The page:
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Tjörnin - Reykjavík Pond

Tjörnin (Reykjavík Pond)

When walking through downtown Reykjavík, it‘s impossible to miss the large body of water that sits at the front door of the Reykjavík City town hall. Tjörnin simply translates to “the pond,” which is pretty fitting. There are no real frills or attractions. It‘s a shallow pond with some diverse bird life. Yet, it is a favourite spot for locals and tourists alike. From feeding the birds in the summer to ice skating in the winter, Tjörnin is arguably the heart of the city.

Tjörnin isn‘t technically one body of water but rather a part of five linked pools, ponds and lakes stemming from the Vatnsmýri marshlands. A stream initially connected Tjörnin to the sea, and this was mostly left untouched as Reykjavík grew in the later part of the 18th century and into the 19th century. In 1911, the city was built over the stream, using it instead as a sewer system. Lækjargata actually means “Stream Street.”

Over the following years, city planners took steps to turn the pond into the modern Tjörnin we know and love today. In 1913, they put locks in the pond‘s outlet to prevent seawater from surging into the pond. A pedestrian bridge was erected in 1920, cutting the pond in two. The bridge was widened and reinforced to support vehicles during the Second World War. 

The Biggest Bread Soup in the World

Tjörnin also plays an important role in the city‘s cultural life. It is a wonderful place for a stroll in any type of weather. But on a particularly sunny day in the summer, the surrounding green and the reflection of the buildings on the pond‘s surface make you feel as though you are in a storybook rather than in downtown Reykjavík. 

Festivals and concerts are held in the nearby Hljómskáli Park. Crowds have gathered around the pond on holidays and for other ceremonies, like a night of remembrance for those who died in the bombing of Hiroshima. In the wintertime, it freezes over. While most people use it as a shortcut from the west side to downtown, others strap on their blades and use the pond to ice skate or play ice hockey. Some adventurous young men have been known to trace out a football field in the snow and play a snowy game on the ice.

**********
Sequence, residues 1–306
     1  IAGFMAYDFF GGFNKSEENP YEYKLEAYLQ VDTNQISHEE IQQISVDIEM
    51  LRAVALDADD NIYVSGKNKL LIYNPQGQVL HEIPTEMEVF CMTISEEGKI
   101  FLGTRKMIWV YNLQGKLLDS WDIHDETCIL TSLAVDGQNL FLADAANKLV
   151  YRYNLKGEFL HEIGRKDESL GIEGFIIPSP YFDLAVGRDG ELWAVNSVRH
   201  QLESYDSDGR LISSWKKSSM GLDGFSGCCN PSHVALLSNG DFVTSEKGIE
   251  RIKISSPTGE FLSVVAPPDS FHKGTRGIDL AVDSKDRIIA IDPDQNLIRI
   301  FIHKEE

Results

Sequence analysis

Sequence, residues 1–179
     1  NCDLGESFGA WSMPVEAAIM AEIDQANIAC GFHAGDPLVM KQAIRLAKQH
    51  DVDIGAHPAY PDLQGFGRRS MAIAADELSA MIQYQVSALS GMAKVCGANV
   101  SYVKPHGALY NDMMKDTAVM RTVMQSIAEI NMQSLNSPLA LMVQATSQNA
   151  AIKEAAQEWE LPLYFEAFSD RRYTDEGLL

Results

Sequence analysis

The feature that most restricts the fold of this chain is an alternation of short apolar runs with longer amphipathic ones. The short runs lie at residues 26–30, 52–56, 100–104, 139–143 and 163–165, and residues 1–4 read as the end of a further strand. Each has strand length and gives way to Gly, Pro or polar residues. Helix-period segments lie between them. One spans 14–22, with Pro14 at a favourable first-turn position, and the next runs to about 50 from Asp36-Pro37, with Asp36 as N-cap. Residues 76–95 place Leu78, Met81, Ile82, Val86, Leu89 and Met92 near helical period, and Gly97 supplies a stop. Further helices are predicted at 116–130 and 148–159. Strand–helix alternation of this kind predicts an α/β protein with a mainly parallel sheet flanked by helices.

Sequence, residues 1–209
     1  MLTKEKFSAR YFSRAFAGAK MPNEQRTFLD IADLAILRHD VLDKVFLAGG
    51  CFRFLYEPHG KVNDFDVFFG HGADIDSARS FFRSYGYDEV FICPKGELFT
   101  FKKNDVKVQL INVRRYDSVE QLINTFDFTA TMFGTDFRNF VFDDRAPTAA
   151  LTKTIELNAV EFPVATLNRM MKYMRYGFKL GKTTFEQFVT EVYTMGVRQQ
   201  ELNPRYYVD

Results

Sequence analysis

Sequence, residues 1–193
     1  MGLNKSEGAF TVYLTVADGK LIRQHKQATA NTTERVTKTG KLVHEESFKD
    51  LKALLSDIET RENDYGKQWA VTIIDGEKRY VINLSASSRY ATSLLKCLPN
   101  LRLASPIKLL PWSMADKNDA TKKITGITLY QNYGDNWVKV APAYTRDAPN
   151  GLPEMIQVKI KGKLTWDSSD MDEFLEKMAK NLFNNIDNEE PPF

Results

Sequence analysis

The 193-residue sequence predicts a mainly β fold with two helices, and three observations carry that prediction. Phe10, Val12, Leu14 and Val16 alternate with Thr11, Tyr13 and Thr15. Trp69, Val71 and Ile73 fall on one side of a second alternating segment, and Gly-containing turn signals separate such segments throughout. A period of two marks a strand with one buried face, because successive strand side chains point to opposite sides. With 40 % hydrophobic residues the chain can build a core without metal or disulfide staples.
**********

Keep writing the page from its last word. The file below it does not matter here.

But perhaps the biggest attraction the pond has to offer is its birds. Over 40 different bird species can be found at the pond at different times, including Eider ducks, arctic terns, geese, seagulls and whooping swans. In the summer, they can be seen floating around the pond or settling on the small island in the centre. In the winter, incoming warm water keeps a small section of the northernmost part of the pond from freezing over. The birds gather here to avoid the cold or the dangers the ice may pose

No matter what time of year it is, one of the favourite Tjörnin pastimes is feeding the birds. Children, the elderly, sweethearts, and tourists all enjoy tossing handfuls of bread crumbs into the pond for the birds to gobble up. This has been such a staple of Tjörnin‘s existence that one poet dubbed the pond “the biggest bread soup in the world.”

In recent years, however, word has spread about the dangers of feeding bread to ducks and birds. Biologists have suggested feeding them peas, seeds or grains instead of chunks of bread. It may be difficult to do away with such a common and beloved activity at Tjörnin, but it is worth looking at exactly what bread does to the birds and its ecosystem.

The Great Bread Dread

According to the Wildlife and Wetlands Trust, an occasional snack of bread is not all that harmful to a bird. Moderation is key – small doses here and there won‘t disrupt their diet. But at a place like Tjörnin, where feeding the birds is a common occurrence, moderation is difficult to monitor. If one family a day comes to throw birds in the pond, those creatures will have a heavy diet of bread and may come to rely on it as a food source.

Studies have shown that a heavy diet of bread can cause some birds to develop weaker muscles than those eating less bread. Birds that rely on bread may also be less inclined to forage for food, putting them further at risk health-wise. Bread contains a lot of protein, which, when introduced into a bird‘s diet, can create a protein imbalance. One of the risks that can result is Angel Wing, a disease that stunts the wing development in young birds. 

Beyond the health of the birds, too much bread can create an unhealthy environment. An artificially high food supply can cause the birds to produce an unusually high amount of offspring. This increase in population with an unstable food supply can lead to the deaths of several birds as they struggle to find food in other ways. A build-up of bird poop can create dangerous and unhealthy conditions for the birds. An excess of bread can also invite invasive species or predatory birds into the area, upsetting the ecosystem. 

Given the environmental issues with nesting birds in the nearby Vatnsmýri marsh – the source of the water for Tjörnin pond – we are hoping to conserve the birdlife in the area. So, if you‘d like to feed the birds during your walk along the pond, we recommend using chopped or ripped-up vegetables, seeds, or grains rather than bread. It is possible some of the same sustainable issues may arise with so many people feeding the birds, but at least we can try to avoid the health issues that come with a loaf of bread.

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